Many cleaning products act best in somewhat alkaline solution.
This is because alkalis
- emulsify grease by reacting with insoluble fatty acids to form ionic salts which are soluble
- protect the metal of washing machines and dishwashers from acid corrosion
- help to reduce re-deposition of dirt that has been removed, by coating particles of it with negatively charged hydroxide ions - this means the dirt particles repel each other and remain in suspension rather than clumping together to form large aggregates which would tend to precipitate out onto dishes
- percarbonate-based bleaches work best in somewhat alkaline solution
The dishwasher water is kept at about pH 10 - significantly alkaline. At the high temperature of the wash, hydroxide ions react with the molecules of grease and break them up into salts of fatty acids and glycerol. This is the main mechanism for removing grease.
The reaction is shown in Figure 14 and is the same as that for making soap from fats and oils - saponification.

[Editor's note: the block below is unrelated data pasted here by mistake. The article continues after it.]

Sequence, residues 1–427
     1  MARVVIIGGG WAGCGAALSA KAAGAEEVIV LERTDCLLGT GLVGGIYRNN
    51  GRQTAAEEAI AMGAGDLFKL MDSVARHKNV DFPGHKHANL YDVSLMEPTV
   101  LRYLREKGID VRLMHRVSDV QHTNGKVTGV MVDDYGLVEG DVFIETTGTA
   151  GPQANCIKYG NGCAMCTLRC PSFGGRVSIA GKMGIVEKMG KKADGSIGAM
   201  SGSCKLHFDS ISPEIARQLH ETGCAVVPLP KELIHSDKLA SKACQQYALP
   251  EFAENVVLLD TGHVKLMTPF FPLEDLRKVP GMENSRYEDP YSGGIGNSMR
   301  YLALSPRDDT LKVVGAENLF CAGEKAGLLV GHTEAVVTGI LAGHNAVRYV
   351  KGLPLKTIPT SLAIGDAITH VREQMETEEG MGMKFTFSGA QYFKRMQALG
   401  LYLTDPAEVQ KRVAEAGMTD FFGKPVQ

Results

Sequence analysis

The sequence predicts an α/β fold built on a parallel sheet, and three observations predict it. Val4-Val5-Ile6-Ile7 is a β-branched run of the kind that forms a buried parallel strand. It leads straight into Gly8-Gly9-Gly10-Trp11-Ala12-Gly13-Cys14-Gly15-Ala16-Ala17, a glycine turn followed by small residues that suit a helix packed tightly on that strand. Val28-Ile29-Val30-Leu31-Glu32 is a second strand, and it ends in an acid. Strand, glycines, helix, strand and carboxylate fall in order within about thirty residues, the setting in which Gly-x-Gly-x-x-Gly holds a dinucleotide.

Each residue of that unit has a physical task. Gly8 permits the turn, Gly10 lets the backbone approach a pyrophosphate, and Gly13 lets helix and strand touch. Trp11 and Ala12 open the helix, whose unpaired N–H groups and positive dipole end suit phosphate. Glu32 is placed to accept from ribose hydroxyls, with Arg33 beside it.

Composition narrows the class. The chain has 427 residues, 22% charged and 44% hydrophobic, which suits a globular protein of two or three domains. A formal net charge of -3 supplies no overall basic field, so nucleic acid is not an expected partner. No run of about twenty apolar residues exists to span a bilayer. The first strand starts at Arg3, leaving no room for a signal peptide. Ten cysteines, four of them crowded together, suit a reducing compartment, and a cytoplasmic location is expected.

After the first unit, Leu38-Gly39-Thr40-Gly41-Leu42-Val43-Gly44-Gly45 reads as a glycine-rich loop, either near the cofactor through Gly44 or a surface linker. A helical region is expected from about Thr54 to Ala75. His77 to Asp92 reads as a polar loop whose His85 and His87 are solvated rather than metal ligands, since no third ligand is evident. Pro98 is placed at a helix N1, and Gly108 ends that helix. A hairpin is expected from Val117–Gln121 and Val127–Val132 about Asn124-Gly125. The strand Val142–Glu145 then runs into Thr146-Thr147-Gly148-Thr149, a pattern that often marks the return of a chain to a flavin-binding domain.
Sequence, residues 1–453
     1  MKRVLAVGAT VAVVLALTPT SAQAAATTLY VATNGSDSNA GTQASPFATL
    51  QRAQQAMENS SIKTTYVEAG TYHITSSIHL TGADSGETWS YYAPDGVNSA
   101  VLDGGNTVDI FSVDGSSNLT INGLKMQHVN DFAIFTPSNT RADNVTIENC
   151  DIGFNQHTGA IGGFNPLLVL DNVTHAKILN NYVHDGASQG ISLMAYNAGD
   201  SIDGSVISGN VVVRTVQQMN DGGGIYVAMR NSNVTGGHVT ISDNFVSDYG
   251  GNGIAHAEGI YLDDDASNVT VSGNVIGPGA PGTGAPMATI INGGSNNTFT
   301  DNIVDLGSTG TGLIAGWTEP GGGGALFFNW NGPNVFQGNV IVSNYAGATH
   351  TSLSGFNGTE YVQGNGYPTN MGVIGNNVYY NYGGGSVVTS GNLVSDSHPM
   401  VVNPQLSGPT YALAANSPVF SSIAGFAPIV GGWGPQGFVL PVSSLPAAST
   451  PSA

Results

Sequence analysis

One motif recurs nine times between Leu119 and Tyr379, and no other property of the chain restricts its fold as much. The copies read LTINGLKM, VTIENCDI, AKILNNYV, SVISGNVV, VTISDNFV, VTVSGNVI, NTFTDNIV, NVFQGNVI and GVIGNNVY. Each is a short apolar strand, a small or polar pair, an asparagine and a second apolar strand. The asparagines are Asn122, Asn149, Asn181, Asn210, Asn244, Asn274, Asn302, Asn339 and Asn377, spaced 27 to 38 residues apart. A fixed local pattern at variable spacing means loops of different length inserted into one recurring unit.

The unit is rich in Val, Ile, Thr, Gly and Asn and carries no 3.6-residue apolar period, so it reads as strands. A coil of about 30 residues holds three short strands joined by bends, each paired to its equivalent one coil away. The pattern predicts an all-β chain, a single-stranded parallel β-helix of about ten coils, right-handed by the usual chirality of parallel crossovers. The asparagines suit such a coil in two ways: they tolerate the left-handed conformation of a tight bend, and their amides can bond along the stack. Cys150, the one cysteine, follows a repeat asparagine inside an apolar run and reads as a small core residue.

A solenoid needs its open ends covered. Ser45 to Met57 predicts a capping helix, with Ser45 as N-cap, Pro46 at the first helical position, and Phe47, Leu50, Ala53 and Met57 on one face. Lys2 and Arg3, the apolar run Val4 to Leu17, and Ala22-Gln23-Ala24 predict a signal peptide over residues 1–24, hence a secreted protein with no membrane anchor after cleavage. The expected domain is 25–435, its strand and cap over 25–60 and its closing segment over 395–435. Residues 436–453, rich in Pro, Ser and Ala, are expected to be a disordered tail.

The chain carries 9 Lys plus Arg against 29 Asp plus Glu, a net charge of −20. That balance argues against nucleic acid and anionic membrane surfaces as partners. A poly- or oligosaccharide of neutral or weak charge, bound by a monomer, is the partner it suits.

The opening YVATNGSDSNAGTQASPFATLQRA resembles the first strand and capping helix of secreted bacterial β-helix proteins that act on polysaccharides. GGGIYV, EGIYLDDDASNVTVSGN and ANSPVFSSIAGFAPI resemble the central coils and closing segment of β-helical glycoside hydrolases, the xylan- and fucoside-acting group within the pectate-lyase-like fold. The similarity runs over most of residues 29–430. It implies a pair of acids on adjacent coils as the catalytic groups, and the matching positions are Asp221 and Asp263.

Sodium carbonate, Na2CO3, is used in the dishwasher product to make the solution alkaline. It is the salt of a strong alkali (sodium hydroxide) and a weak acid (carbonic acid) and is therefore alkaline. It dissociates in solution to form carbonate ions, CO32-, which help to maintain the pH of the washing water at around 10.
- Explain why the products of the reaction in Figure 14 are more soluble than the original fat molecules.
- Give the systematic name of glycerol.
- One product is a negative ion which can interact with water molecules better than a neutral molecule. The other is a small molecule with a high proportion of -OH groups that can hydrogen bond with water.
Explain how the carbonate ion can make an aqueous solution alkaline.
It can accept protons (H+ ions) from the solution to form HCO3-, leaving an excess of OH- ions.